Functional properties of acid-thinned, acetylated, and acid-thinned acetylated wheat, potato, and maize starches were investigated. Total amylose content and the extent of amylose leaching were increased after acid-thinning in all the starches indicating creation of more linear segments. Acid treatment decreased the swelling factor of potato starch at all tested acid concentrations but slightly increased it in wheat and maize starches in low acid treatment. Acid-thinning increased gelatinization temperatures and enthalpy but greatly decreased peak viscosity of all the starches. Wheat and maize starches showed early viscosity increase after acid-thinning but it was delayed in potato starch. Potato starch produced firmer gels after acid-thinning but wheat starch gave weaker gels. For maize starch, gel hardness was increased with low concentration acid treatment. Unchanged melting enthalpy of amylose-lipid complex in acid-thinned starch reflects its resistance to acid hydrolysis. Amylopectin retrogradation of potato and maize starches was not affected by acid modification but it decreased in wheat starch. Acetylation decreased gelatinization temperature and enthalpy, amylopectin retrogradation and gel hardness, but increased swelling factor, amylose leaching and peak viscosity. Acid-thinning decreased the degree of substitution. Introduction of acetyl groups to acid-thinned starches decreased gelatinization and retrogradation transition parameters and produced very soft gels.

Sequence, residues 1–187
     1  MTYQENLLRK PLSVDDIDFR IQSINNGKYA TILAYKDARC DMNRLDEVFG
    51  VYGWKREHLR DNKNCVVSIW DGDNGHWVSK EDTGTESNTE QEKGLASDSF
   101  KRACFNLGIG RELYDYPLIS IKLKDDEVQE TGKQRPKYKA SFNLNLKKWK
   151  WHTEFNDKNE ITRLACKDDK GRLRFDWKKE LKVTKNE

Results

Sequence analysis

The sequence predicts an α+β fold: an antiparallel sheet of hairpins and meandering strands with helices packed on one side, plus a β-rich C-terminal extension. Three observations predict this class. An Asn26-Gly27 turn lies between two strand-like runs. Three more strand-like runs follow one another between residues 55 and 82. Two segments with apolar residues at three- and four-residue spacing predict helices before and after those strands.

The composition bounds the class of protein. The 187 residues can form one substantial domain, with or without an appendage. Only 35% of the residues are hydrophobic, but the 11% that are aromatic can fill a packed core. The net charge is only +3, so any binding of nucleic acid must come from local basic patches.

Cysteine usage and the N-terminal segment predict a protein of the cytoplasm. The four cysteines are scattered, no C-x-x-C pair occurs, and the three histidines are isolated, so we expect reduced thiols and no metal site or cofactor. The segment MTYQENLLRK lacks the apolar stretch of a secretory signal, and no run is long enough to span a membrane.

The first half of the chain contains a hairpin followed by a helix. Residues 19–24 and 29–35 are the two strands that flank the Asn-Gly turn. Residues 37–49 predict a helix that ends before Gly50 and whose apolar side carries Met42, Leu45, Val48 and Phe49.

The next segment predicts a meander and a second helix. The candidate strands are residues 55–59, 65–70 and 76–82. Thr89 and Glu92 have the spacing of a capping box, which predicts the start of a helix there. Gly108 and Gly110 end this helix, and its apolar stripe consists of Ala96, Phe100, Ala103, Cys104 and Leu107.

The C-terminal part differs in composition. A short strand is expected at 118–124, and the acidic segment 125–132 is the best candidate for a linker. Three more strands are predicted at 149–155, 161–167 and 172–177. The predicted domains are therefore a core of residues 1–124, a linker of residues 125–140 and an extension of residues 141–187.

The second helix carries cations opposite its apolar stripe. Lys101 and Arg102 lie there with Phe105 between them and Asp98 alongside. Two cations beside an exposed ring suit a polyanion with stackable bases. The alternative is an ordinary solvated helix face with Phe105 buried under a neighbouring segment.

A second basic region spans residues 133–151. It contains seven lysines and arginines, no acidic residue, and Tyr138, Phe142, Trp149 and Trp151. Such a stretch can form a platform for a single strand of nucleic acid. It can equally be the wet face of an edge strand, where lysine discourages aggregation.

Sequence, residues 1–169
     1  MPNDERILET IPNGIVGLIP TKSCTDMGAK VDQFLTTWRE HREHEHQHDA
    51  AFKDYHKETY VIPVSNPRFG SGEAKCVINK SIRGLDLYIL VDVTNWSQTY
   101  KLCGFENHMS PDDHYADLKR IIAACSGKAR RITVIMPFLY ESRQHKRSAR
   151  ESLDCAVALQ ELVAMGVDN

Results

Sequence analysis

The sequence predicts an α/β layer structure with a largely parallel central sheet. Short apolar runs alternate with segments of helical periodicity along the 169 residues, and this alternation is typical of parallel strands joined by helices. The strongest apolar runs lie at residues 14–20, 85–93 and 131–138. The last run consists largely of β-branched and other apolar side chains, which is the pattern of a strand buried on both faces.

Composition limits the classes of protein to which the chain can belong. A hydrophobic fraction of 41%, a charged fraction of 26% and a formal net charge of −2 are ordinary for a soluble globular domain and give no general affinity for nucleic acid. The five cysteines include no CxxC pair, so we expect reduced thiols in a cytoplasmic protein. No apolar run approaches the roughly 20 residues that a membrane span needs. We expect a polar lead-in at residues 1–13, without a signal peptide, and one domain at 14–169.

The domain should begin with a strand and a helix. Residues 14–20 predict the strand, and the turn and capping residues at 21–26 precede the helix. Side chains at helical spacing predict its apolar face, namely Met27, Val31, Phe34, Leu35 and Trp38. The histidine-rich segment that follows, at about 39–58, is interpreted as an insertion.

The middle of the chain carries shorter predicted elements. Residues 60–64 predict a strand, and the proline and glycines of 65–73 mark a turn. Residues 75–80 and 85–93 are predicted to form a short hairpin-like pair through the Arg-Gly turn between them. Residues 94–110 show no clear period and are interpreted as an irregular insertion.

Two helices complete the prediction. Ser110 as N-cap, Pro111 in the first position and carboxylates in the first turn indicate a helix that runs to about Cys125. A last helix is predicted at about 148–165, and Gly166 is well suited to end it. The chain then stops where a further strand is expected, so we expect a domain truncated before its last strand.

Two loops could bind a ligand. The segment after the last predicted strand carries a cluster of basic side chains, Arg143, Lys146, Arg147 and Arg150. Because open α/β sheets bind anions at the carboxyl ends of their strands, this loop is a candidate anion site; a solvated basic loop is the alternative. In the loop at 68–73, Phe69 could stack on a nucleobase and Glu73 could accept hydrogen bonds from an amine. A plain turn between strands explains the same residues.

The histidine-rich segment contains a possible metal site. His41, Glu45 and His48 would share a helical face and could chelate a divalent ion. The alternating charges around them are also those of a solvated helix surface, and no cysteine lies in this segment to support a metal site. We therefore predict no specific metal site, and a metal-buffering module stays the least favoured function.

- Acid-thinned acetylated